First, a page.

Twitterati’s 17th century origins
For those who don’t know it, ‘Twitterati’ are the people who use micro-blogging service Twitter. With 190 million Twitterers generating some 95 million tweets per day, the Twitterati are a force – if only in terms of volume – to be reckoned with.
The term ‘Twitterati’ is already four years old, emerging from the fledgling cyber planet of Twitter not long after its launch in the summer of 2006.
Twitter itself couldn’t have been better baptised. Before it came to be known as a popular social network, the Oxford Dictionary bestowed the term – then primarily a verb – the following descriptions:
- A series of short, high-pitched calls or sounds;
- To talk rapidly in a trivial way;
- Idle or ignorant talk.
These meanings however were quickly lost to billions of eager tweets, and like so many terms which grow into existence on the internet, the definition of Twitterati soon followed Twitter into the abyss.
Literati + glitter + Twitter > Twitterati
Luckily for us, fantastic literary blog Podularity has featured the term in its One-Minute Word Histories series, with historical lexicographer Elizabeth Knowles. “Twitterati is a word which is completely of the 20th century,” she explains. “But actually, it has a considerable lineage”.
Knowles’ theory is that the 17th century term literati (well-read, educated people), which was combined with glitter in the 1950s to form glitterati (well-styled, showbiz people), was then merged with Twitter to present Twitterati. However, I think there is a missing link in this equation – in the form of digerati (People with expertise in IT). Digerati existed before Twitterati, and made up the very webusers that turned into Twitterers a couple of years ago.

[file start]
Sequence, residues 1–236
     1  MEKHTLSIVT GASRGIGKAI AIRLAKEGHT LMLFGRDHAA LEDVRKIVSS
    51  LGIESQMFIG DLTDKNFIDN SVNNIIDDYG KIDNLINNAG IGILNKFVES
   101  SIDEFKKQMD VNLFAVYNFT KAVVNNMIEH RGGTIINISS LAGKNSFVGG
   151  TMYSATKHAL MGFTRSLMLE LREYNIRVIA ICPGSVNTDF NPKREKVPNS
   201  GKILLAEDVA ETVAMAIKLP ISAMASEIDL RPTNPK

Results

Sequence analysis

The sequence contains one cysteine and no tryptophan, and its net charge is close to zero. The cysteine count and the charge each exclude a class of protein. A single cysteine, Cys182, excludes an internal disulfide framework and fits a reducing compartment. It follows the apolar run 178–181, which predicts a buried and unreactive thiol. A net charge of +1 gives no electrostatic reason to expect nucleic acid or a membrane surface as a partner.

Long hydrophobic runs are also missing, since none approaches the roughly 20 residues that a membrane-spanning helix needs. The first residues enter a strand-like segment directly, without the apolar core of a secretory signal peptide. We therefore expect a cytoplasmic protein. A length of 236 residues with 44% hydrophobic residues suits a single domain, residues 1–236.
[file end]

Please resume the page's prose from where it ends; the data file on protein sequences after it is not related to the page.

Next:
From the linguistic planet of gate rape, terror babies and beliebers
Twitterati is just one of thousands of principally web-born words and phrases, and there are some uproarious examples floating around the web. Here are some of my favourites from the American Dialect Society’s ‘Words of the Year 2010’ nominations:
Fat-finger (verb): to mistype, as by accidentally striking more than one key on a keyboard/pad.
Belieber: a fan of popstar Justin Bieber (Bieber + believer).
Gate rape: pejorative term for invasive new airport pat-down procedure.
Terror baby: baby born to a terrorist family on US soil in order to establish citizenship.
Twihard: a fan of ‘Twilight’ books and movies.
The winner, on a more serious note, was App (noun, an abbreviated form of application, a software program for a computer or phone operating system). A sensible choice, considering the options…